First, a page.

During a routine inspection

We undertook an unannounced inspection of Ashley Court Care Limited on 31 March 2015. At the last inspection in July 2013 the service was meeting the regulations with all of the areas that we looked at.

Ashley Court Care Limited provides personal care in a residential setting for up to 28 older people. The provider had recently increased its provision from 21 to 28 service user places. At the time of our inspection there were 21 people living at the service.

There was a registered manager in post at the time of our inspection. A registered manager is a person who has registered with the Care Quality Commission to manage the service. Like registered providers, they are ‘registered persons’. Registered persons have legal responsibility for meeting the requirements in the Health and Social Care Act 2008 and associated Regulations about how the service is run.

People, visitors and external professionals were positive about the care provided by the service. Our own observations confirmed that care was attentive and compassionate.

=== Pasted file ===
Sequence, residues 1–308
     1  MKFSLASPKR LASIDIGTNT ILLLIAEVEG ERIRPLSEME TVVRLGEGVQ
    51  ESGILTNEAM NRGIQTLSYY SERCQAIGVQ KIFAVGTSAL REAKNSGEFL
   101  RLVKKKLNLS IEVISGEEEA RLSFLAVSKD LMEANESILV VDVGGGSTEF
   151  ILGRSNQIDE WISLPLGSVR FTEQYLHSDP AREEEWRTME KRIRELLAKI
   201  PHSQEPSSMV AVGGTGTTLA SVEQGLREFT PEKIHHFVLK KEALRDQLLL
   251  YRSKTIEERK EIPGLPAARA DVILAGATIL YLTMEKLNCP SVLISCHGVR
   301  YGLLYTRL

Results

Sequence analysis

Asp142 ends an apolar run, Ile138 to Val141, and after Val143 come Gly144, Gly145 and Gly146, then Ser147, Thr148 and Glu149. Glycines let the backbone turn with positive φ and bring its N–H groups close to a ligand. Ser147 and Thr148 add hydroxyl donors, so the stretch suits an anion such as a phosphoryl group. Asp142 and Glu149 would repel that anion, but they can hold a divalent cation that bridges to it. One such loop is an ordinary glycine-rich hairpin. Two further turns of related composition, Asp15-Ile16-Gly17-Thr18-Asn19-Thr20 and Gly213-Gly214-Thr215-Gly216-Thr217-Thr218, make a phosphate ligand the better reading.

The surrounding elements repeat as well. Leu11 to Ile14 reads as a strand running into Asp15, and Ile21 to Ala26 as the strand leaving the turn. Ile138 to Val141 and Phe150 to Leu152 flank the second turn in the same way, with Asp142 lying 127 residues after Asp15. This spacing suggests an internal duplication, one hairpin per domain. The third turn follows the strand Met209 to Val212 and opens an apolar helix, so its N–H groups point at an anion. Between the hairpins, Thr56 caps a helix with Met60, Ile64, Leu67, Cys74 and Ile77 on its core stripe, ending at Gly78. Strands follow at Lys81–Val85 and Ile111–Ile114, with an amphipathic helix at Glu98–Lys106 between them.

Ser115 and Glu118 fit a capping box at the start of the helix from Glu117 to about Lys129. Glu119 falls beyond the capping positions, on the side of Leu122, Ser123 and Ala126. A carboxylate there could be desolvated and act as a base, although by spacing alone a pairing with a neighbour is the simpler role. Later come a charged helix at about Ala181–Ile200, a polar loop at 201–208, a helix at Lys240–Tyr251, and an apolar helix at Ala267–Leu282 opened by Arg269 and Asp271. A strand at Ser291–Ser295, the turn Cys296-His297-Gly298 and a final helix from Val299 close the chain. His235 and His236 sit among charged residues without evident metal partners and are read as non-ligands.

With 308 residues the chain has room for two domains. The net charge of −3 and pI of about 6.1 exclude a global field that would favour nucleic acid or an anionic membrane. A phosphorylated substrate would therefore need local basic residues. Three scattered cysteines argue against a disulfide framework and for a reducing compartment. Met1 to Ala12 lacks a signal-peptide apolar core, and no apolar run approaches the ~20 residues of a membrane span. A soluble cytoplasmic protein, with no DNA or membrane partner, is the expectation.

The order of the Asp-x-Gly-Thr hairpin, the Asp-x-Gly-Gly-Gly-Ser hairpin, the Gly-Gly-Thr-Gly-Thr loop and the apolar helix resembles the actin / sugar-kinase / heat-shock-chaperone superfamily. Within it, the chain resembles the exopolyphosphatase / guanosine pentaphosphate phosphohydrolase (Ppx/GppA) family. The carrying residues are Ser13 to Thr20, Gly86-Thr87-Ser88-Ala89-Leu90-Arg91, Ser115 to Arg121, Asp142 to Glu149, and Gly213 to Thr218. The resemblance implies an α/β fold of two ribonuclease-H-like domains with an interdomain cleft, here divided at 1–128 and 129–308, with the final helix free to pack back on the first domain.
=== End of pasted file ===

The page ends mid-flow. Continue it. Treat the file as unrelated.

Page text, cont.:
People felt safe using the service. Risks to people were assessed so that staff knew how best to support people safely. Staff knew how to recognise and report abuse.

We found there were enough staff to support people during our inspection. Staff were recruited in a safe way.

We found some topical creams were incorrectly stored. We also found that staff did not have access to guidance for all people who required medicines on occasions; such as those who required pain relief.

People’s care was regularly reviewed. People and their representatives were involved in decisions about care.

Staff were supported to be effective in their roles and to deliver good care. Staff were aware of how to support people’s choices and promote their rights.

People received adequate levels of food and drink to keep them healthy. Staff were aware of how to support different people with special food and drink needs. People’s health was supported by access to appropriate external healthcare professionals.

Staff delivered care that was compassionate and supported people as individuals. Staff knew what conditions people had and how to support these. Staff respected people’s dignity, privacy and independence.